Krypton is more than twice as dense as argon and it’s often considered the standard for triple-paned IGUs where the total glazing unit thickness must be minimized i.e. spacing between the glass is 1/4” to 3/8” (6mm to 9mm). If krypton is used in a wider than 20mm gap, convection currents will begin to form resulting in the transfer of heat from the interior of the window to the exterior. Krypton is one of the rarest gases in the Earth’s atmosphere, it makes up just 1 part per million by volume and is extracted through the distillation of air that has been cooled until it is a liquid. Krypton is currently about 100x more expensive than argon. Although krypton-insulated windows demonstrate superior energy performance and can significantly reduce monthly energy expenses, the higher cost has made it prohibitive for many homeowners.
Xenon-insulation represents cutting-edge window insulation technology and will usually cost significantly more than both argon or krypton, with just a slightly better energy savings in return. Xenon is very rarely used in residential homes because the costs far exceed potential energy cost savings. A relatively recent innovation, Xenon-filled IGUs sit at the forefront of glazing technology and probably are not worth considering unless you are thinking of building a home and you’d like to incorporate a lot of glass.
Window manufacturers often combine gasses with low-emissivity (low-E) coating to the glass panes to keep the interior pane of glass closer to the temperatures of the interior air, minimizing air currents that are created when different temperatures come into contact.
Gas-filled windows will leak over time, as much as 1% per year, according to some estimates. It all depends on the quality of the window, its installation, the climate and exposure to the sun… However, even after 20 years, a slow leaking window will still perform well with an 80% gas fill. Reputable window manufacturers will certify their products to ensure they won’t leak (In Canada, the AAMA certification label indicates that a sample of the product has been verified as conforming to the standards Certified Products Directory (CPD), the industry’s preeminent resource for window and door products.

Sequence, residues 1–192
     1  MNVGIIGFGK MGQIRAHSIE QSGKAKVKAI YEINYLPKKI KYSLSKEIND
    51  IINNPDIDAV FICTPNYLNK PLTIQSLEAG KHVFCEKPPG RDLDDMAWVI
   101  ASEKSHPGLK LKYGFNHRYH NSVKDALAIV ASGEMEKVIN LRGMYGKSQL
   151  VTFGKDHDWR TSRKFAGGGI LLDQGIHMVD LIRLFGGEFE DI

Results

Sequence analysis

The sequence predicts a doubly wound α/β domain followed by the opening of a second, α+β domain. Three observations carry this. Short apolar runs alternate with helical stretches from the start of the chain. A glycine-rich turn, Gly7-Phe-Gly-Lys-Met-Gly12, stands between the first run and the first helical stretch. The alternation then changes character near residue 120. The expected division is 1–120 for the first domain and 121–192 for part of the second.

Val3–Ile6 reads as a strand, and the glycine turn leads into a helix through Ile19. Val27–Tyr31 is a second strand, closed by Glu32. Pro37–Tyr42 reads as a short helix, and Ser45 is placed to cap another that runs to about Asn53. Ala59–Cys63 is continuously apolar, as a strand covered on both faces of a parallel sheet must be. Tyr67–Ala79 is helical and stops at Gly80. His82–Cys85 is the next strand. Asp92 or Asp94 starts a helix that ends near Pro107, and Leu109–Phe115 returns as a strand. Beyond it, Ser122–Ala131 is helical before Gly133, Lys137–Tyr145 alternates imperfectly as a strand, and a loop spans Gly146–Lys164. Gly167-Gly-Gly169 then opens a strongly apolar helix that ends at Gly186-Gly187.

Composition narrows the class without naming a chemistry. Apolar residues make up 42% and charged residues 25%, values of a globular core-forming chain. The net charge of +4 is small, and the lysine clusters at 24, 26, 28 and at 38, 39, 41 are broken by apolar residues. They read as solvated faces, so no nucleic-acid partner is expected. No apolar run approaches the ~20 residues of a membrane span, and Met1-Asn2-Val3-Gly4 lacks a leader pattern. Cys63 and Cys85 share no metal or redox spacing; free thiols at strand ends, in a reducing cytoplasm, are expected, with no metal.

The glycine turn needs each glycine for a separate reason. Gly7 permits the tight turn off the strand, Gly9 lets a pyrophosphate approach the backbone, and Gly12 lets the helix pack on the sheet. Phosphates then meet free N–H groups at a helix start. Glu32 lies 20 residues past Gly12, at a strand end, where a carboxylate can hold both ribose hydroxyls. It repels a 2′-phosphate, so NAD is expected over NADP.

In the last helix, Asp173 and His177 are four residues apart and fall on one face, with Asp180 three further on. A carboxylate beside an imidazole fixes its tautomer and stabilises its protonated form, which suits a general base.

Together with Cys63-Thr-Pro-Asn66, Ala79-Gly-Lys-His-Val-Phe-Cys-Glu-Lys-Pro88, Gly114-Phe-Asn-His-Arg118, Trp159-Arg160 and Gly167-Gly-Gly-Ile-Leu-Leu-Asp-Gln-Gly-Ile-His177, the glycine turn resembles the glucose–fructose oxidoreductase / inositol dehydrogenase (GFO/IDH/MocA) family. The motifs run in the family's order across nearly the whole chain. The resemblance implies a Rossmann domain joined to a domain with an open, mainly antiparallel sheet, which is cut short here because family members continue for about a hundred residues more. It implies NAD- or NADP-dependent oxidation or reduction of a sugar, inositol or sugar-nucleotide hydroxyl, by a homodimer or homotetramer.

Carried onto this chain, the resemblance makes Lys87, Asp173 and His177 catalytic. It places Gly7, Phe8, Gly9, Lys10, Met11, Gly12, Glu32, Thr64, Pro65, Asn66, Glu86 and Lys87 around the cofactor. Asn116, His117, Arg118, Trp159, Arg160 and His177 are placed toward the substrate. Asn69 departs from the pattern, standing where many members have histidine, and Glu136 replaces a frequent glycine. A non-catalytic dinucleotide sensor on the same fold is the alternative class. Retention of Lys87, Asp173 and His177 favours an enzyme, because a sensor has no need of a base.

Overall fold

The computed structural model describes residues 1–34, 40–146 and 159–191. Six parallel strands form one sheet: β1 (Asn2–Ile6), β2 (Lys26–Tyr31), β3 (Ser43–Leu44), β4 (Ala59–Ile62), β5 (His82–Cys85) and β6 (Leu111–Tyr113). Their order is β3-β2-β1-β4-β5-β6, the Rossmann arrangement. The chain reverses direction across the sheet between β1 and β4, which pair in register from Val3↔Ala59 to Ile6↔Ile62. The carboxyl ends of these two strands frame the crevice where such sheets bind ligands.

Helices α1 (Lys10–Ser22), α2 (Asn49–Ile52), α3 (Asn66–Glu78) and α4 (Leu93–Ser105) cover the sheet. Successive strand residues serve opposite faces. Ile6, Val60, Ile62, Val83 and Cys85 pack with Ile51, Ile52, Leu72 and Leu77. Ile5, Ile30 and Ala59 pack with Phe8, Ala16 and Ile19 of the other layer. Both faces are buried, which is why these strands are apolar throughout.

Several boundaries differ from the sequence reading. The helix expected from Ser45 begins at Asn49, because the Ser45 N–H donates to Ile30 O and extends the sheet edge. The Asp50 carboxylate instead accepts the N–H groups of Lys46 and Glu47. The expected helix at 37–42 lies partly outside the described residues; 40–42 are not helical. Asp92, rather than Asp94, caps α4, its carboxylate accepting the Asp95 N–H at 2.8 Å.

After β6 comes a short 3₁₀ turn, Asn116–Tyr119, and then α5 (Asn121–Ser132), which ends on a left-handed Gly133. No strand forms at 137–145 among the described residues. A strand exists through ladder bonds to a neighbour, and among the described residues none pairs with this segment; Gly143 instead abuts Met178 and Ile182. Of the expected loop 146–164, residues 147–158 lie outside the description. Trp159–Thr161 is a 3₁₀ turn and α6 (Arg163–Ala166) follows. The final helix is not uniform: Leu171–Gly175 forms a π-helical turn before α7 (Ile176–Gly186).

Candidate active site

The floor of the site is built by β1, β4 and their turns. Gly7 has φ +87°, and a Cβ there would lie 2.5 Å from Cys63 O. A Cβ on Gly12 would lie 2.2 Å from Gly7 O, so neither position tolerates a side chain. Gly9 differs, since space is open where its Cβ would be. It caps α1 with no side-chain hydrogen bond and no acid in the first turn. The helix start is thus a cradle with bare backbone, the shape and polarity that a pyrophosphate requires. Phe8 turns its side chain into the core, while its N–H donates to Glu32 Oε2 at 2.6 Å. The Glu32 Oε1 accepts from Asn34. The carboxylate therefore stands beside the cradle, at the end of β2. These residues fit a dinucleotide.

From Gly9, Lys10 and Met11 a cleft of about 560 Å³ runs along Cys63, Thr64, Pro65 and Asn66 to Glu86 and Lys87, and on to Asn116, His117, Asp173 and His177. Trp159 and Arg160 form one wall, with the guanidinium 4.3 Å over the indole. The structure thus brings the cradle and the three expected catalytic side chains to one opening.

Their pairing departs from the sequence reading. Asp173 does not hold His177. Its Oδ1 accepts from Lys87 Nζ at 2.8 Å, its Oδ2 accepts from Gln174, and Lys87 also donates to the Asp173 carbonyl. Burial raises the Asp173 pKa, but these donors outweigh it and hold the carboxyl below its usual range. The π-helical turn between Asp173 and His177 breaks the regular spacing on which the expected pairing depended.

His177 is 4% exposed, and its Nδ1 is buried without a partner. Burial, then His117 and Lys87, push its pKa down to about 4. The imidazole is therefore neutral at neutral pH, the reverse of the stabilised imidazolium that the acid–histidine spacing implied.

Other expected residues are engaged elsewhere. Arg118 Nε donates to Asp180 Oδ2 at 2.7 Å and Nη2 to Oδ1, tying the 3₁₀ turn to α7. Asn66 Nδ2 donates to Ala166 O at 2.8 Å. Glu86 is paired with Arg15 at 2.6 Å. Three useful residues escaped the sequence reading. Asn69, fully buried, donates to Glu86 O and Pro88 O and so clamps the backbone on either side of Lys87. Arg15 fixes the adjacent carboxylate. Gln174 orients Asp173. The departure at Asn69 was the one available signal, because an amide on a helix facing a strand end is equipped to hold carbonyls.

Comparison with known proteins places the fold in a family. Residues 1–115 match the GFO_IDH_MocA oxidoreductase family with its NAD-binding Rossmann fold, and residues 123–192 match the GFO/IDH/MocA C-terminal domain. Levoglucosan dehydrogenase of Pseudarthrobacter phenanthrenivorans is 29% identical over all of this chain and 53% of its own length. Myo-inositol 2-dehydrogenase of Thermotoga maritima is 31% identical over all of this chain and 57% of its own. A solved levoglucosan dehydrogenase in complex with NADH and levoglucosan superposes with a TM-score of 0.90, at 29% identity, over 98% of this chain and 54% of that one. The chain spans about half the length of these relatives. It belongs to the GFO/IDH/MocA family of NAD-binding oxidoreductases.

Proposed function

Condensation or fog (you may also see white residue) inside the window unit indicates that the gas fill has escaped and been replaced with moisture-laden air. Leaked argon, krypton and xenon poses no health hazards to a home’s occupants.
If you want the best bang for your buck, be sure to ask your window company for warranty details on the gas-filled IGUs. A company that warrantees the units for life (25 years) with no installation charges to replace failing IGUs indicate a quality no-hassle product.
Although gasses do play an important in the energy-efficiency equation, remember it’s the window’s total performance that really counts? Having said that, there are lots of other reasons why one gas might be better than another and this information is not always presented to the customer.
If you would like to know more about the gas fills used in our product offerings, give us a call or send us a request for more information. We’d be happy to address any of your questions or concerns.